This is National Fire Prevention Week: October 8 -14, 2017

This is National Fire Prevention Week: October 8 -14, 2017

Since 1922, officials have been trying to increase public awareness of fire accidents and the dangers of fire fatalities by an annual campaign known as “National Fire Prevention Week.”

This fire injury safety campaign is one of the oldest public awareness drives in our national history.

Commemorates the Great Chicago Fire

National Fire Prevention Week is observed on the anniversary of the Great Chicago Fire, which blazed over October 8-9, 1871, killing over 250 people and destroying over 17,400 dwellings.

According to legend, the infamous fire was started by Mrs. O’Leary’s cow kicking over a lantern.

Every Second Counts: Plan Two Ways Out

Each year, for close to 100 years now, the safety campaign has a specific focus.  In 1940, it was “Keep Fire in its Place.”   In 1985, it was “Fire Drills Save Lives at Home at School at Work.”

This year, the 2017 theme is “Every Second Counts: Plan Two Ways Out.”  

What does that mean?  According to the National Fire Protection Association (NFPA), it’s getting the message out to families and loved ones that homes burn faster today than in years past.  This is particularly true for newer homes, in more modern subdivisions and planned communities.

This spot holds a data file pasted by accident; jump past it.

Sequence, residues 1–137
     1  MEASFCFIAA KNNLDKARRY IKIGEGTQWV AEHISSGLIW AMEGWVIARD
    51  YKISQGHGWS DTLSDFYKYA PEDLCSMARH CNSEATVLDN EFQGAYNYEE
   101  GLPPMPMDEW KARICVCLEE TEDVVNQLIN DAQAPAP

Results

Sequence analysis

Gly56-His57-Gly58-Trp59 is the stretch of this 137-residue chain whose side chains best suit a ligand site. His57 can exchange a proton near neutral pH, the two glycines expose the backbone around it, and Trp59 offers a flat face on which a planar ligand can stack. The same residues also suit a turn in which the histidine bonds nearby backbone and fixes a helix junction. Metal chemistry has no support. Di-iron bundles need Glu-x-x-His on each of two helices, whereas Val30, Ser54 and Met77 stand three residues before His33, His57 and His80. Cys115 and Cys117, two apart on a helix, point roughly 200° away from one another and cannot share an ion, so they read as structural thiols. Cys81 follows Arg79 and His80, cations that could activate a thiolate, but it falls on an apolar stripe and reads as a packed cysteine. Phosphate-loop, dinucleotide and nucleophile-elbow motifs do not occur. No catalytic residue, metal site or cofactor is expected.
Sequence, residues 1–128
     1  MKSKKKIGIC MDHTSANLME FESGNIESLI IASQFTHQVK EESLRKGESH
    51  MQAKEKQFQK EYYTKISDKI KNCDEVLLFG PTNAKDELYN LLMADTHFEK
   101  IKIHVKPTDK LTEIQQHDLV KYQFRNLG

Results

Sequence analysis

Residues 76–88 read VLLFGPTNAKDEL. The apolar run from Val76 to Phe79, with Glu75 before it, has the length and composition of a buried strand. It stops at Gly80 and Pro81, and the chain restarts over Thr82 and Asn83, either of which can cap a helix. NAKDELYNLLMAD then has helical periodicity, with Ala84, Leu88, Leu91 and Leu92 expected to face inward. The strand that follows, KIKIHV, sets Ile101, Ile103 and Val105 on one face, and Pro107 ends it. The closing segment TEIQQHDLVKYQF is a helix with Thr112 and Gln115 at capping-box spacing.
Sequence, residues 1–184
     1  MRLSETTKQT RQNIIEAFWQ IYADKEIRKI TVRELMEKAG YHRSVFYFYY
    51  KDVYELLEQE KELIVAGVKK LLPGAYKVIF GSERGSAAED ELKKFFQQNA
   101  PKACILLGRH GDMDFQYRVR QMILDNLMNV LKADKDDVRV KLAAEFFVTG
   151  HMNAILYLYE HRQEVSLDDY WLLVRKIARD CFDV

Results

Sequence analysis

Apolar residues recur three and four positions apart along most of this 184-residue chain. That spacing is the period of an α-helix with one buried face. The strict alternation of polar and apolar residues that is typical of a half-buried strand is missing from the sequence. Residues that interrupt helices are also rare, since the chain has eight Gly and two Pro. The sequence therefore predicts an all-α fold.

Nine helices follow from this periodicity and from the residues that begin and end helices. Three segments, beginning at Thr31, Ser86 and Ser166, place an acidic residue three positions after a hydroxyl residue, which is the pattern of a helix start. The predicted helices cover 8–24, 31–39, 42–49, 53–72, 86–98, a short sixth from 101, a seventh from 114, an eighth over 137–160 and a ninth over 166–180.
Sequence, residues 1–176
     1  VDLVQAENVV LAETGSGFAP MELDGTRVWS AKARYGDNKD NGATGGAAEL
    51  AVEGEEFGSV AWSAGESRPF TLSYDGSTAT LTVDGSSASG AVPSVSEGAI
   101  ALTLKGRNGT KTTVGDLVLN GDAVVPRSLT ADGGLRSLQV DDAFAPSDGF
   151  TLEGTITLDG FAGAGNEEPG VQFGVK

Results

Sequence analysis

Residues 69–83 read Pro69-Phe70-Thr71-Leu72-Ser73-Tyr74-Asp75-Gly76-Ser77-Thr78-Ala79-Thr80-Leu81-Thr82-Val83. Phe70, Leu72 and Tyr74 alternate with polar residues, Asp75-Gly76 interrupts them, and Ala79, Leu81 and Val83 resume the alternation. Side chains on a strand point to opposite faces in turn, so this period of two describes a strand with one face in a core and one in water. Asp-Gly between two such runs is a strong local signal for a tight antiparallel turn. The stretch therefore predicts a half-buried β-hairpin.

People living in newer construction may have as little as 120 seconds to get out of the dwelling before they are fire victims.

From NFPA Vice President Lorraine Carli:

“Modern home furnishings, along with the fact that newer homes tend to be built with more open spaces and unprotected lightweight construction, all contribute to an increased rate at which home fires burn.  These factors make home escape planning and practice critical.”

How Vulnerable Are We to Being Hurt or Killed in Our Homes from Fire?

According to the NFPA, most of us don’t understand how vulnerable we are to being hurt or killed in a house fire.  Far too many Americans – including those living in Indiana and Illinois — do not know the real danger of a serious fire and its fatal risk to those in the home.

“Home is the place people are at greatest risk of fire, but ironically, it’s the place they feel safest from it,” Carli said. “That overconfidence may contribute to the public’s continued lack of awareness around home escape planning and practice.”

From the NFPA study:

  • Fewer than half (48 percent) know the correct components of a home fire escape plan include working smoke alarms, two ways out of each room, and an outside meeting place.
  • Nearly one-quarter (23 percent) don’t know that each room in the home should have at least two exits.
  • Close to three (57 percent) think that in a typical single-family home fire situation, once the smoke alarm sounds, the average person would have more than two minutes to escape safely.

National Fire Prevention Week in Illinois and Indiana

Both Illinois and Indiana work to raise awareness of the particular kinds of danger we face in our part of the country to fire, particularly residential fires.  This year is no different, and over the next few weeks we should be seeing and hearing all sorts of messages about the risk of fire and education pieces on fire safety.

Illinois Fire Prevention Week

For example, throughout the State of Illinois, kids will be hearing from visiting firefighters on Fire Prevention and specifically, the campaign’s theme of “Every Second Counts: Plan Two Ways Out.”